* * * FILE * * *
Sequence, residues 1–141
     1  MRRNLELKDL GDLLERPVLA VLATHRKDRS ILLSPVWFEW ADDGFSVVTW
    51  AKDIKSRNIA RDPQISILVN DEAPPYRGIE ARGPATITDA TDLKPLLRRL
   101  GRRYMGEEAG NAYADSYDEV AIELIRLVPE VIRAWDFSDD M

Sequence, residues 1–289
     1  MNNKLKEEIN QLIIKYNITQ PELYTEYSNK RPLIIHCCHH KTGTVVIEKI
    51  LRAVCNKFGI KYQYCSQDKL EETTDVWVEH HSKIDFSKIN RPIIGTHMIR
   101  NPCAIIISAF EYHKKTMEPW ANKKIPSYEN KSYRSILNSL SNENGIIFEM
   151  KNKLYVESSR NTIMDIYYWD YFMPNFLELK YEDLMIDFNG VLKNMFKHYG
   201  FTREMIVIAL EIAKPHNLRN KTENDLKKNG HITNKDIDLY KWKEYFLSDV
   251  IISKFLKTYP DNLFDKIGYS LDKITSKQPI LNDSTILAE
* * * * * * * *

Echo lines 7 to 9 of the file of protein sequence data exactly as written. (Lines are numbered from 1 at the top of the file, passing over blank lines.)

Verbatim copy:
    51  LRAVCNKFGI KYQYCSQDKL EETTDVWVEH HSKIDFSKIN RPIIGTHMIR
   101  NPCAIIISAF EYHKKTMEPW ANKKIPSYEN KSYRSILNSL SNENGIIFEM
   151  KNKLYVESSR NTIMDIYYWD YFMPNFLELK YEDLMIDFNG VLKNMFKHYG